This is the second chapter on sets of exceptions to the determinative role of physical and fault elements in Australian criminal law. Chapter 8 (Groups) detailed how someone can be criminally responsible when an offence’s conduct element is done by someone else. This chapter examines how someone can be criminally responsible even when some or even all of the offence’s physical elements never occur.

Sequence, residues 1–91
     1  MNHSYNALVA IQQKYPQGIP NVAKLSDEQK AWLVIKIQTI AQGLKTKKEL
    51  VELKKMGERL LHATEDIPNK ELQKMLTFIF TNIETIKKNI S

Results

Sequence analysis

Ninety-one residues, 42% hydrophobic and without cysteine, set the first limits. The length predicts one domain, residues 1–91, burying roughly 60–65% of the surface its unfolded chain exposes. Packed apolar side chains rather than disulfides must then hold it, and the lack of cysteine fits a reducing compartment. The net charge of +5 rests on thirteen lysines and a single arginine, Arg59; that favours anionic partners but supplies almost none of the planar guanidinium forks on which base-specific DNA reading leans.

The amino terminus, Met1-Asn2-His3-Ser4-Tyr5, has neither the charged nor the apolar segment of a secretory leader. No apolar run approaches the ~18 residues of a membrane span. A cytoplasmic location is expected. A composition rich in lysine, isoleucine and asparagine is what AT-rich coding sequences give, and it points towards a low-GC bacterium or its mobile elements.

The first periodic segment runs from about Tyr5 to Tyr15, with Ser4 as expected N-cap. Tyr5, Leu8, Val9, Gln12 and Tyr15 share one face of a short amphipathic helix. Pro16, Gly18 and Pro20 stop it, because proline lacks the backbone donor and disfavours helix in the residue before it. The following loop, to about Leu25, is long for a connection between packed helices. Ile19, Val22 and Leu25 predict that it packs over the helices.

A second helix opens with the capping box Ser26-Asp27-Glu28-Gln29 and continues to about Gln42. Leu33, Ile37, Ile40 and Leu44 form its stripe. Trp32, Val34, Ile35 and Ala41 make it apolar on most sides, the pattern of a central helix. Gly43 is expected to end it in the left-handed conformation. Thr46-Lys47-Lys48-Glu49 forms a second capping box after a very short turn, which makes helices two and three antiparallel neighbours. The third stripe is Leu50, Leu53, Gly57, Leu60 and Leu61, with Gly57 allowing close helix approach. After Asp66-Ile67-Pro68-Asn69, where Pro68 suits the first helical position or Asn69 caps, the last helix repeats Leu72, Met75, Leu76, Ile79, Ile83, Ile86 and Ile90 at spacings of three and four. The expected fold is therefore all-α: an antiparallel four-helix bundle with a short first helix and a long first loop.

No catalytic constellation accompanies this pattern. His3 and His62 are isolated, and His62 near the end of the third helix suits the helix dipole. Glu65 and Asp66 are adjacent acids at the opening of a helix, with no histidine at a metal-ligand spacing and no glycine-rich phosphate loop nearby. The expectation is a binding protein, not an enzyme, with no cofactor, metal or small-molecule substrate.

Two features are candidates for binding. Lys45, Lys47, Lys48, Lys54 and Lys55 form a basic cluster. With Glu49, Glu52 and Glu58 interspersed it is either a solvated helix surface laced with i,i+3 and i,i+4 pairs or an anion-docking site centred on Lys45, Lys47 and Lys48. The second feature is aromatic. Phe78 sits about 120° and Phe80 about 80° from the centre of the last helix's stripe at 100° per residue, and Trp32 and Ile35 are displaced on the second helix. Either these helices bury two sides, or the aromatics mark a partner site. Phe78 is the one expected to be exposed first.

Arguably, people who try and fail to commit a crime are just as heinous as people who actually commit a crime or assist another to do so. Reflecting this view, Australian criminal law criminalises certain ways that crimes commence. A number of specific offence provisions are defined largely in terms of an intention to achieve a particular end, whether or not the intention succeeds. As well, three general offences – attempt, incitement and conspiracy – criminalise aspects of the lead-up to every offence.